Ambient spend up 18% in last quarter

Advertisers are spending more money on ambient media than ever, with an 18.4 per cent increase in ambient advertising in the first quarter of 1999.

Advertisers are spending more money on ambient media than ever,

with an 18.4 per cent increase in ambient advertising in the first

quarter of 1999.



According to figures from the outdoor specialist, Concord, advertisers

spent pounds 10.3 million on ambient advertising in the first three

months of this year, compared with pounds 8.7 million for the same

period a year ago.



The medium, which embraces everything from advertising in golf holes and

parking meters to urinals and supermarket trolleys, has become the

fastest growing media sector, with growth of more than 400 per cent

since Concord began measuring ambient spend in 1995.



Kellogg was the largest spender in ambient media in the first quarter of

1999, investing pounds 532,000 at ratecard cost on a combination of

trolley ads, phone box posters, floor ads and posters in newsagent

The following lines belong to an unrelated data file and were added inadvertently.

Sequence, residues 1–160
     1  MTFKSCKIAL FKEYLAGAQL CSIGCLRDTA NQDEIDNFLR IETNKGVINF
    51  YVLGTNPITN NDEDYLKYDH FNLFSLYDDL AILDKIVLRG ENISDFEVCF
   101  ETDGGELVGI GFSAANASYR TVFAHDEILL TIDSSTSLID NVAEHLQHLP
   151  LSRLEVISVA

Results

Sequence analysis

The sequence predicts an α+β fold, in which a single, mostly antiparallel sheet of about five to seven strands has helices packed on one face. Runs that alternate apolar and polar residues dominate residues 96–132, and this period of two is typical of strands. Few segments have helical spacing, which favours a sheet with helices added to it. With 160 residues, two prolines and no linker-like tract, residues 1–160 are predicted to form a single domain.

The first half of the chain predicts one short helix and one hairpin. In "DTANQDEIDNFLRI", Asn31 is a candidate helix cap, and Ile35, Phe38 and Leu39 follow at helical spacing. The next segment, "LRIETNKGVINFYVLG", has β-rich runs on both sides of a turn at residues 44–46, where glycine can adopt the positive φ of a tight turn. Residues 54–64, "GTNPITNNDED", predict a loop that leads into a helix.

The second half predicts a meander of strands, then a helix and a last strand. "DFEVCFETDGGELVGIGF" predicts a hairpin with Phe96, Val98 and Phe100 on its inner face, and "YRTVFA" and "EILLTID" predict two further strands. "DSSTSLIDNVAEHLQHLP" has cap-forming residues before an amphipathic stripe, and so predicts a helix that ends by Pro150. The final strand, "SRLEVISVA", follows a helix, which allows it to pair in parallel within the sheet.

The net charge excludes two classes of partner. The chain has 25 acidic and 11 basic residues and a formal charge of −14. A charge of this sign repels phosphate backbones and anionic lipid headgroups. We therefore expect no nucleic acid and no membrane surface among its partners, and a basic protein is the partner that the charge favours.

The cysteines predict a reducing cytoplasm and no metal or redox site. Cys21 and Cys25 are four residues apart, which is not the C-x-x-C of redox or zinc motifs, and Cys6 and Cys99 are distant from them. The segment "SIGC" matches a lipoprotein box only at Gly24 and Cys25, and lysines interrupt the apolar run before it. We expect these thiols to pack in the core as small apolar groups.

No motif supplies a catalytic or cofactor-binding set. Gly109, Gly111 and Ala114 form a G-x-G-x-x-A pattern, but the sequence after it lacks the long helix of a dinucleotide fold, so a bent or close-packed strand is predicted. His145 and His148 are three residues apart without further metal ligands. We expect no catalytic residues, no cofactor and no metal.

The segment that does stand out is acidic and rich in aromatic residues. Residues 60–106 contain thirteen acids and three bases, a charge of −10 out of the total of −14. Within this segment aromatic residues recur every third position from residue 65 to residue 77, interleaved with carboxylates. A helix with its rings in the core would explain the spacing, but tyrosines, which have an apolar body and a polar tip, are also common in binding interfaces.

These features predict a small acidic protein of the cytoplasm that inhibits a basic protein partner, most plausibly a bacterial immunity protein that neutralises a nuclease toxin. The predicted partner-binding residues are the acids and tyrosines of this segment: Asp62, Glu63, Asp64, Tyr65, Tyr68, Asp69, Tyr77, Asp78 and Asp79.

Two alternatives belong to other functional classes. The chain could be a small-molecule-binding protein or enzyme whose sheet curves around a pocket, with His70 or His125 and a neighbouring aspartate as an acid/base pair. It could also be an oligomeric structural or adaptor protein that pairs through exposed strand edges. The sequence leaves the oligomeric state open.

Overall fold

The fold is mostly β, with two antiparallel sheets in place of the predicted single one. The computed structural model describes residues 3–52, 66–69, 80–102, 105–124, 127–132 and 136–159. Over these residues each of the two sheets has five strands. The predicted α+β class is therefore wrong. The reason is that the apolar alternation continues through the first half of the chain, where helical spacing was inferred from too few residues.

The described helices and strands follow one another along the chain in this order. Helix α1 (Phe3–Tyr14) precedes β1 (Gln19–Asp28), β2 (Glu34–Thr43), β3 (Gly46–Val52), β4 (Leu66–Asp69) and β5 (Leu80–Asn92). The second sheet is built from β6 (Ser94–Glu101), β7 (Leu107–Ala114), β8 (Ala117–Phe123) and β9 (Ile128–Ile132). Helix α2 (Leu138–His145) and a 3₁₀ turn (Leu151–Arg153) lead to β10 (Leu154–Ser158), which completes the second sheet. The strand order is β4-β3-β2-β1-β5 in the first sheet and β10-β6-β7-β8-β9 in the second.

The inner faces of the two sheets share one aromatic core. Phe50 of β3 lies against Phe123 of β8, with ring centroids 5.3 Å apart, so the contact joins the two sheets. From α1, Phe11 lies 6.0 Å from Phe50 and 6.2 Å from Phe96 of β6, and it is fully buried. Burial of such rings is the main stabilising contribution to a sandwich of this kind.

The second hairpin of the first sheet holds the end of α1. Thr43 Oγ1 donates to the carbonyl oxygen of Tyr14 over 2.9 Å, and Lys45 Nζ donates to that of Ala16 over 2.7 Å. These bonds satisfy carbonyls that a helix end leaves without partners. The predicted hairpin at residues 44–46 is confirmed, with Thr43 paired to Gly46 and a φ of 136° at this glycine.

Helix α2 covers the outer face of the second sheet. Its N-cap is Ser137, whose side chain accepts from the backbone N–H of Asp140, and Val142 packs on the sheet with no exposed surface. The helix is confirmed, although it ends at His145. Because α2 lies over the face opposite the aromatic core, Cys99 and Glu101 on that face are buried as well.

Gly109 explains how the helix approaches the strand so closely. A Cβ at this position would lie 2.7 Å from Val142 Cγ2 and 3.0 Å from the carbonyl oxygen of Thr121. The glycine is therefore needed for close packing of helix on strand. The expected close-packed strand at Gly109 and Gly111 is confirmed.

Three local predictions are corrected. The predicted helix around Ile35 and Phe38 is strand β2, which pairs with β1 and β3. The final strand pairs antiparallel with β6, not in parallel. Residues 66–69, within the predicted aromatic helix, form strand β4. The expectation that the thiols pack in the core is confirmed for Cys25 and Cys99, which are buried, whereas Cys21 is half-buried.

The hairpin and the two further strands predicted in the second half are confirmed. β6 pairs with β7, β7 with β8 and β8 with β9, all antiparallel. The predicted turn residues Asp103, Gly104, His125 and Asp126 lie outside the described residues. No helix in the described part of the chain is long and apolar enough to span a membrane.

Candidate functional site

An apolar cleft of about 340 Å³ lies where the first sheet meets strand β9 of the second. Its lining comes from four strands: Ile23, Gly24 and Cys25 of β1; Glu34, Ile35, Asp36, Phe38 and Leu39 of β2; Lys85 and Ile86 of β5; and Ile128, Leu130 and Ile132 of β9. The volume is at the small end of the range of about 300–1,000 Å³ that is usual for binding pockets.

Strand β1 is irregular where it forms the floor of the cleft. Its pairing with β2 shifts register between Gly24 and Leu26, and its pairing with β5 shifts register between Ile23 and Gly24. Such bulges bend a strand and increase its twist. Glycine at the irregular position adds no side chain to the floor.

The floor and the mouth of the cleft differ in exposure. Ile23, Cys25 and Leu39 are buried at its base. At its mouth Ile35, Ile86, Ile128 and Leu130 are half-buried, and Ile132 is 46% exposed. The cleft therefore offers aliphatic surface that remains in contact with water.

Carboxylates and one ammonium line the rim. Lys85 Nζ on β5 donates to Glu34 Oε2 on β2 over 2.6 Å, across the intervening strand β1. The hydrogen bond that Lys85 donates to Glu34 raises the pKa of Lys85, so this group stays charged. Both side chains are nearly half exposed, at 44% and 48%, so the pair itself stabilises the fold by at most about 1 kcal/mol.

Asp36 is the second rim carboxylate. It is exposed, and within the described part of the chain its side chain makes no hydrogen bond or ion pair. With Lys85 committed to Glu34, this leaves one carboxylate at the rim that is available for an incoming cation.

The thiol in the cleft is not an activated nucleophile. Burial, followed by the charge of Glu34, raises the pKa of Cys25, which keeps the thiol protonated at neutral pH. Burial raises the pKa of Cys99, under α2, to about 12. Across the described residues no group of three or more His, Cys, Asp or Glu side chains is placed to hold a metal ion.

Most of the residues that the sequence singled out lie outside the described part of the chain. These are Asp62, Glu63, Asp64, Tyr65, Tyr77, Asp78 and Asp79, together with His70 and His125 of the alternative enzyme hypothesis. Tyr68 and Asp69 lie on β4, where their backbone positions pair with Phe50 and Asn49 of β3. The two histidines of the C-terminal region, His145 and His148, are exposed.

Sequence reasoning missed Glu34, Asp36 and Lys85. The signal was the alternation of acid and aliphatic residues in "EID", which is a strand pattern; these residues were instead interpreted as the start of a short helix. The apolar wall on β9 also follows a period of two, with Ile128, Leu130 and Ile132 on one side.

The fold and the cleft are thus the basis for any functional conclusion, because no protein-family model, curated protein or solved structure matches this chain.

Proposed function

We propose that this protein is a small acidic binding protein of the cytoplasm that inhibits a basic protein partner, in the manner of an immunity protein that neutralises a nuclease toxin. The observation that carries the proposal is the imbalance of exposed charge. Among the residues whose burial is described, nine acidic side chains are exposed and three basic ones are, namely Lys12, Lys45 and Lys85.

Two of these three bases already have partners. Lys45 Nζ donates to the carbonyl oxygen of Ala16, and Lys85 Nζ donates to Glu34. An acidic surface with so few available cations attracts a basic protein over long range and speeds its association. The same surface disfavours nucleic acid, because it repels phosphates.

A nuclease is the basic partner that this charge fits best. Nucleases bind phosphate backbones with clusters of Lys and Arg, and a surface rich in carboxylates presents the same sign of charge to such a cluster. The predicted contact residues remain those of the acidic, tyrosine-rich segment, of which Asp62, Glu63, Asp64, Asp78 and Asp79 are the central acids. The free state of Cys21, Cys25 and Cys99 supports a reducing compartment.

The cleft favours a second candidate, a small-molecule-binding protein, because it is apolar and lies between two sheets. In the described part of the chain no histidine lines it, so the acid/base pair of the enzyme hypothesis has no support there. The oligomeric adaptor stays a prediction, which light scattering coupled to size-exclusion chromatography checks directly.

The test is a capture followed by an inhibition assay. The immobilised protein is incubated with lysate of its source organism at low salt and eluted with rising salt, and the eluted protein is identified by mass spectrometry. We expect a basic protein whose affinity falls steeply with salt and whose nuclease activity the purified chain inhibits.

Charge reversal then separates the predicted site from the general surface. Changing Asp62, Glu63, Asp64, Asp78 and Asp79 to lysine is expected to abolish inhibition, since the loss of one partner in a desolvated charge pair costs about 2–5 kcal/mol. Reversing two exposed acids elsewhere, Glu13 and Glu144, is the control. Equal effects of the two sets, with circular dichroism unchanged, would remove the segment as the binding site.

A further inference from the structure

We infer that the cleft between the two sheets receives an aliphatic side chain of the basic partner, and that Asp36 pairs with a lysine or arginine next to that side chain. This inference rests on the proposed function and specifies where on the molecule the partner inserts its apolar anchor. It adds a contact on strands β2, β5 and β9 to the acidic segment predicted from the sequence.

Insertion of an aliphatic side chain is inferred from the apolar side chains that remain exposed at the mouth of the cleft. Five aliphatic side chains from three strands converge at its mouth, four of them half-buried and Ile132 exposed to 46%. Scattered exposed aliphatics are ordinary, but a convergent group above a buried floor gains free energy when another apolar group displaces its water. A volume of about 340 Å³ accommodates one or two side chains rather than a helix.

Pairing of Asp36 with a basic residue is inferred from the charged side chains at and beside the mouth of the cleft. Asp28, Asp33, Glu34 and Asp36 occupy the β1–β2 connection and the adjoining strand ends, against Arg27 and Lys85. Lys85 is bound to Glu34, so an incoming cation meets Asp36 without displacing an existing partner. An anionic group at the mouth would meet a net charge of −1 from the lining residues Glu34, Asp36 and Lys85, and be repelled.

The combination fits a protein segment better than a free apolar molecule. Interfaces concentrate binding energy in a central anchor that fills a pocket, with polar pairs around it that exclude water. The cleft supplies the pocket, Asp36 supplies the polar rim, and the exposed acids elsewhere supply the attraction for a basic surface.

windows.



The second-biggest spender was Unilever, which clocked up pounds 480,000

on a range of washroom posters and trolley ads, then Novartis Consumer

Health, which had the biggest single ambient campaign. Novartis used

2,400 posters located in chemists’ windows over a three-month period

through the media owner, Pharmasite.



The top-spending product category in the ambient sector was food,

accounting for almost 27 per cent of all expenditure. As well as

Kellogg, Young’s, Van Den Bergh, Bird’s Eye, Walkers and Cadbury were

leading spenders.



Cosmetics and toiletries was the second-highest category, taking an 11.9

per cent share of the total spend, followed by entertainment and media

with 11 per cent.



Nigel Mansell, the managing director of Concord, said the involvement of

Tesco and Sainsbury’s in the trolley market, the launch of telephone box

sites last year and a high level of repeat business were all

contributing to growth.



’More than 50 per cent of ads are repeat. Now contractors have more

money, they are able to invest in more sheetage and clients have to buy

more sites.’



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